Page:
pushbullet is a lot more than desktop mirroring. for example, it can push files/links to your phone in a dead simple manner. it just introduced tasker integration. it can push stuff to other users of pushbullet. yeah, far from obsolete. I use both, and couldn't do without either!

  • Peter

    I wonder why nobody talks about Desktop Notifications. It doesn't have notification mirroring but it has extensions for Firefox and Chrome and supports Android 2.2+. https://play.google.com/store/apps/details?id=org.hcilab.projects.notification

    • MJ

      Supporting Android 2.2 is a feature someone would actually need?

      • kabloink

        "2.2+" The plus being the important part. About 20% of android users are still on 2.x devices.

    • c00ller

      Compared to Pushbullet, Desktop Notifications is worse is every way:
      1) it doesn't have rich notifications
      2) all notifications use the generic Desktop Notification icon
      3) no ability to dismiss phone notifications/no syncing

  • Adrian

    Great Update!

  • https://play.google.com/store/apps/developer?id=iWizard Bikram Agarwal

    The one thing preventing me from using AirDroid is the fact that after starting AirDroid on my phone and opening the interface on my desktop browser, if I switch to any other app on my phone, even a very small app with minimal footprint, AirDroid stops working and I have to switch back to AirDroid and connect again to make it work.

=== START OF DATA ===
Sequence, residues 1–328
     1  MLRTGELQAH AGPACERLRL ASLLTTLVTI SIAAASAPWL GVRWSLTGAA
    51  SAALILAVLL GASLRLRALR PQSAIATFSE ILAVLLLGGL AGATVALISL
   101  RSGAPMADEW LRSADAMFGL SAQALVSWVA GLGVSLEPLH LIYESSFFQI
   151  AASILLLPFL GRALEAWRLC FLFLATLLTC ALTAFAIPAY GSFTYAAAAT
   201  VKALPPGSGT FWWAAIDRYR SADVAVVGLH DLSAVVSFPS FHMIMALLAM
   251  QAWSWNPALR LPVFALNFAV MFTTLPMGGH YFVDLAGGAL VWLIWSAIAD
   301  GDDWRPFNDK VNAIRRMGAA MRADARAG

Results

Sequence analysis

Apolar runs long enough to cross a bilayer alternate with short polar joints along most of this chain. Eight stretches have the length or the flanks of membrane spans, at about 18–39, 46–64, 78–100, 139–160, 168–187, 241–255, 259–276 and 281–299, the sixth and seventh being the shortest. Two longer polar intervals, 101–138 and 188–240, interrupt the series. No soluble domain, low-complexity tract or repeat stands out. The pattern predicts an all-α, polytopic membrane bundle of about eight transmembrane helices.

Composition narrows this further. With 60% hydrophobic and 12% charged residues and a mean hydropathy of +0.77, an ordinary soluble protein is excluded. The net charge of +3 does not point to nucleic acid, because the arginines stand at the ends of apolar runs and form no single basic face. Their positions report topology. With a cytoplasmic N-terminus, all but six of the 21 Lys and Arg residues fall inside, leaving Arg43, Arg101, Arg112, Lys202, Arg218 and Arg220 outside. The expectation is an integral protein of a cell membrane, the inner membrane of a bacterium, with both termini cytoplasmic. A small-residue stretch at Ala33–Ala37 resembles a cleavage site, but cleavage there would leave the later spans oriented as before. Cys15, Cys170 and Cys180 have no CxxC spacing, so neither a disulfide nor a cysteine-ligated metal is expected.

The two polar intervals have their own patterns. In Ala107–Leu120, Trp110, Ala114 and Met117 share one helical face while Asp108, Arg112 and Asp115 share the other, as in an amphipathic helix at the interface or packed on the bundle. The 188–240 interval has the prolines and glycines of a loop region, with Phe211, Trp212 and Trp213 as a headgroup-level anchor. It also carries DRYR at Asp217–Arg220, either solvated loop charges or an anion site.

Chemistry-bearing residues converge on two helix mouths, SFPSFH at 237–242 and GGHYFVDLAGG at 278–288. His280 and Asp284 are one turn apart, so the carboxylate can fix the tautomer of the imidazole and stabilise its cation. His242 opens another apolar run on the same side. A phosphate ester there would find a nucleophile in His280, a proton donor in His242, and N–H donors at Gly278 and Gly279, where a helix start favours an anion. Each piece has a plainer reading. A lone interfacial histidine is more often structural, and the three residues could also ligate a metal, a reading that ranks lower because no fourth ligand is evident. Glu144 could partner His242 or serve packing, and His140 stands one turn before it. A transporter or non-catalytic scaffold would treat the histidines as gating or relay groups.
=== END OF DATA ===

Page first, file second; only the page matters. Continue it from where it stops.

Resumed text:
EDIT - Damn, that entire thing is a single sentence.

    • Kevin Vesga

      Do you launch the AirDroid app or just use the widget? I would try the latter.

      • https://play.google.com/store/apps/developer?id=iWizard Bikram Agarwal

        I launch the app. Will try the widget method.

        • Kevin Vesga

          Any feedback? I'm curious if you got it to work.

          • https://play.google.com/store/apps/developer?id=iWizard Bikram Agarwal

            Aah, you are following up. You just unlocked "I like this dev" achievement.

            Yes, the widget method seems to be working better. When I started a session via the widget, it didn't get disconnected / didn't time out while I watched 2 youtube videos on my phone. That brings me to this question - does the widget keep the service running in the background while if the service is started through the app without the widget, it gets killed after sometime?

          • Kevin Vesga

            I think you are correct. Typically apps rely on a notification icon to help prevent Android from deciding to kill the app.

          • https://play.google.com/store/apps/developer?id=iWizard Bikram Agarwal

            That I know; but I don't think that's the issue here since when I start the service via the app, that also opens a sticky notification in the notification shade.

          • Kevin Vesga

            I think you may get a better answer from the AirDroid dev. Perhaps the app being killed is a bug?

  • http://www.facebook.com/lucyparanormal Daniel Tiberius

    Can't say enough about how great this app is. They even gave me a year's worth of premium for recommending the drag and drop feature.